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In 2015, a study appeared in the academic journal International Archives of Medicine titled “Chocolate with high Cocoa content as a weight loss accelerator”. Within weeks news of the study was reported in over 20 countries in print, on morning TV shows, and in online stories. The study’s results showed that the participants on a low carbohydrate diet who ate 1.5 ounces of dark chocolate daily lost more weight compared to those eating a low carb diet alone, were too good to be true.
The headlines were sensational. The coverage was global. The study was a hoax.
Filmmaker Peter Onneken and journalist John Bohannon developed the scenario to demonstrate how a scientifically unsound study, literally “junk science”, could be published by a journal and reported on by the media with no critical evaluation of the merits or validity of the data. Although the study was actually conducted, the sample size was very small, only 15 people, and the analysis of the results lacked standards and rigor expected of scientific inquiry. Not a single journalist examined the methodology or results of the study before reporting it to the world. In a very graphic and indisputable way, Onneken and Bohannon made their point.
On September 14 a report was filed with the Nebraska Legislature on the progress of a $250,000 pilot study of cannabidiol oil paid for by Nebraska taxpayers at the University of Nebraska Medical Center. LB 390, passed in 2015, authorized the study and required a progress report to the Legislature each year by September 15. The report filed is less than a page and a half in length and contains the information required by law.
The legislative report is not, by any stretch of the term, a scientific study. While the number of participants are listed (23), and some of the side effects are enumerated, there is no analysis of the significance or magnitude of the observations. The report states “the majority have demonstrating [sic] benefit”, but does not state what those benefits are, if “majority” means merely 12 of the 23, if the 3 patients who dropped out of the study due to negative effects are included, or whether the drug had different impacts on the 11 minors in the study compared to the adults. The small sample size, large number of variables that are mentioned, and the diversity of the study subjects are all red flags for anyone critically evaluating the outcomes of the study.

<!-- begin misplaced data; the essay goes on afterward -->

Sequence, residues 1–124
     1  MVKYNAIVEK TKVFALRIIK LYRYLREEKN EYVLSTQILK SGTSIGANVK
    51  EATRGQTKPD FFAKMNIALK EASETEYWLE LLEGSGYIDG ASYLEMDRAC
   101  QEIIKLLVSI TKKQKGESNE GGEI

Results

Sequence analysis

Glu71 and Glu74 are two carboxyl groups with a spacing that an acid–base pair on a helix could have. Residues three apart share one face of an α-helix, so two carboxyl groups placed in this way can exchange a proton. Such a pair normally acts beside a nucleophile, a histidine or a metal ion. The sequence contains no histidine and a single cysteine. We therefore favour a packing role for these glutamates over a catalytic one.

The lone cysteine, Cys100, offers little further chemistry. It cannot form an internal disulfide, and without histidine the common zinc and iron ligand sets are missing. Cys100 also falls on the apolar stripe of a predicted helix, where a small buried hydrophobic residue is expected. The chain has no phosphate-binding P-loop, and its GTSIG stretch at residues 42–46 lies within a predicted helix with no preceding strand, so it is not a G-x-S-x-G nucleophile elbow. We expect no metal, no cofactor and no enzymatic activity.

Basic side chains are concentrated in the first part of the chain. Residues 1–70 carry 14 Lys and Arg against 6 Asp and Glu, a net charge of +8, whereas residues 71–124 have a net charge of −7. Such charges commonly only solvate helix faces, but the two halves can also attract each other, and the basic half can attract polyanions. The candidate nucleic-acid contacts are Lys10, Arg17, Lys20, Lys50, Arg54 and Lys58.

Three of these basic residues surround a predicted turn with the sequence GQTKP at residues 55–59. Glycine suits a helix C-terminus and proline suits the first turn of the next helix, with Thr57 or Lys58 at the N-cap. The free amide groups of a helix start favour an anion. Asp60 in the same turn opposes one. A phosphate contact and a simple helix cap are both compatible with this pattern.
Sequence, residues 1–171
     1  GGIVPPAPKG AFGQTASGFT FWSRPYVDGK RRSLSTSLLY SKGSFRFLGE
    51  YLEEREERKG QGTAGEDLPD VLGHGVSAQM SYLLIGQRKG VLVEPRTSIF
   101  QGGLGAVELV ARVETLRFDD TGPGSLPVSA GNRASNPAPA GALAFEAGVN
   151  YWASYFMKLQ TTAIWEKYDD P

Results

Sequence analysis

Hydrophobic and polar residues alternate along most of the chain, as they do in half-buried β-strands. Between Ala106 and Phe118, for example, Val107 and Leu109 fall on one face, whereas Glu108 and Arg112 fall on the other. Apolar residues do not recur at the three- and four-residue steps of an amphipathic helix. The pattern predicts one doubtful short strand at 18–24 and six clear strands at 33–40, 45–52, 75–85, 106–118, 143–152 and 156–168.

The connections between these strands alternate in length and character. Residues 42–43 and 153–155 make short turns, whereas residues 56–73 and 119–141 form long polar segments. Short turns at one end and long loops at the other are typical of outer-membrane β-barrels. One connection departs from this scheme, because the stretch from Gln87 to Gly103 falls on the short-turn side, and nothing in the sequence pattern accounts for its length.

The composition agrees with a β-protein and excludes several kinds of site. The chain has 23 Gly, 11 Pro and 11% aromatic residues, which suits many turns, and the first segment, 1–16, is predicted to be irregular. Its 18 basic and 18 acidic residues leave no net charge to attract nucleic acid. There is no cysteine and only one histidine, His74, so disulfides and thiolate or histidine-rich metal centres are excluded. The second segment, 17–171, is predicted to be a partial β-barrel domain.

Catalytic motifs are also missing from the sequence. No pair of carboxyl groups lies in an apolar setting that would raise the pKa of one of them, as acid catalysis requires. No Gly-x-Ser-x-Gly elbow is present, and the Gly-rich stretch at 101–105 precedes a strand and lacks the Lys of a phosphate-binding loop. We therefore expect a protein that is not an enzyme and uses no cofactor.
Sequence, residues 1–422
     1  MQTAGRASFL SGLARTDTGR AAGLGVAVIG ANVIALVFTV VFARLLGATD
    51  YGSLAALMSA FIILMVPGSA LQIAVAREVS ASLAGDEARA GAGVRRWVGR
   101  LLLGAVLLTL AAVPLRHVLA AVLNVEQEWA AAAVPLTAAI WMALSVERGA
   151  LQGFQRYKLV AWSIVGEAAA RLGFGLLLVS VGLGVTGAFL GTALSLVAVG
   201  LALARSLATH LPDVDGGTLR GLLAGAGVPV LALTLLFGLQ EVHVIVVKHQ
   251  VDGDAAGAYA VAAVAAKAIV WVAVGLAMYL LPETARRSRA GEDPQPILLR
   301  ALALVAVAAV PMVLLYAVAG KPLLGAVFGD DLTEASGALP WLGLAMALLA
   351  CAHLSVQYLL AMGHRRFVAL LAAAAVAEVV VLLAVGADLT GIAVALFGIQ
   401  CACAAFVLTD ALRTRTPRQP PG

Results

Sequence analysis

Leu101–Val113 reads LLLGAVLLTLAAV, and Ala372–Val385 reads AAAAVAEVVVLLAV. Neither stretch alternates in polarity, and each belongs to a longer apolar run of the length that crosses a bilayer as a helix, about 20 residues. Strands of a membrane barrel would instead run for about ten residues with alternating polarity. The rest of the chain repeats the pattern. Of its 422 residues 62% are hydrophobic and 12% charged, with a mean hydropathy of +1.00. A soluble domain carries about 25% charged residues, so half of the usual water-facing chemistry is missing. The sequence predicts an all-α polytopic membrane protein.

That did not, however, stop media from overstating conclusions based on the brief status report of the project. A September 15 Lincoln Journal Star article repeated the text of the report, without ever examining whether the results were statistically valid. In response to an email I sent to the report’s author, the UNMC Associate Vice Chancellor for Clinical Research, on September 18, he replied “the principal investigator is working with a statistician now on the data” and that complete data was not yet available even for review. Given the very small number of study participants, it is impossible to distinguish any observed effect from random chance without careful and rigorous statistical analysis.
The lack of statistical analysis or even a complete data set didn’t seem to matter to the Lincoln Journal Star editorial board, who proclaimed in a September 21 editorial headline “UNMC study reiterates need for a medical cannabis law”, even though the “study” didn’t even examine medical cannabis. The cannabidiol oil in the study is actually a commercial product that received FDA approval in June of this year. Just a few days later, the Omaha World Herald News Bureau also cited the “study” in an article about proposed medical marijuana legislation. Senator Anna Wishart, who is again proposing the policy, sent the Lincoln Journal Star article to all senators via email on September 18 as “evidence” in support of her medical marijuana policy.
When media articles and legislative reports are used as the basis for making policy, they should, at minimum, be based on sound and rigorous analysis. Making conclusions based on a small, incomplete data set that has not yet undergone any peer review is reckless and irresponsible. The failure of the report’s author and the journalists to inform the public that the data set has not yet been subject to analysis has the potential to mislead and misinform. A single email was all it took for me to obtain the facts.
While the chocolate-weight loss scenario showed how absurd sensationalized science reporting can be, the reporting on the cannabidiol study is not a joke. When taxpayer money is used to fund a study, the assumption is the results will be presented in a valid, unbiased manner. I have recommended to the report’s author he amend his filing with the Legislature to reflect the incomplete and unanalyzed status of the data. Verifying the veracity of information should be the first job of a journalist, especially when their articles are used by lawmakers and editorial boards to promote public policy. This instance indicates lawmakers cannot assume accuracy in newspaper articles without verifying the details themselves. The facts matter. Public trust and human lives are at stake.